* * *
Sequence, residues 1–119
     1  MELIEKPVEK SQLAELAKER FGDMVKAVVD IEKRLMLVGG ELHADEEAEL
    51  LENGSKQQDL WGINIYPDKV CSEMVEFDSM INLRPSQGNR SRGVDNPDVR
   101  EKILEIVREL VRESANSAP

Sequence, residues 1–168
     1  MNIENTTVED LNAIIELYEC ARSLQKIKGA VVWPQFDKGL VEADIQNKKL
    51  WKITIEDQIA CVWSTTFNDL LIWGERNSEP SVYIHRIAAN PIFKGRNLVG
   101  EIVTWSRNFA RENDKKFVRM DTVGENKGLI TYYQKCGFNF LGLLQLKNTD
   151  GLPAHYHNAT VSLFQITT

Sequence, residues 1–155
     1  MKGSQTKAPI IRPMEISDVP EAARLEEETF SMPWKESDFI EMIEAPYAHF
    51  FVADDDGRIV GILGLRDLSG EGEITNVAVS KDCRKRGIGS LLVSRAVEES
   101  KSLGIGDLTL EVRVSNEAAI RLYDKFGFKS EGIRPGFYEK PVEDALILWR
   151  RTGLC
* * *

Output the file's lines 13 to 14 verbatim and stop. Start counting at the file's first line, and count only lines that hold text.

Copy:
   101  KSLGIGDLTL EVRVSNEAAI RLYDKFGFKS EGIRPGFYEK PVEDALILWR
   151  RTGLC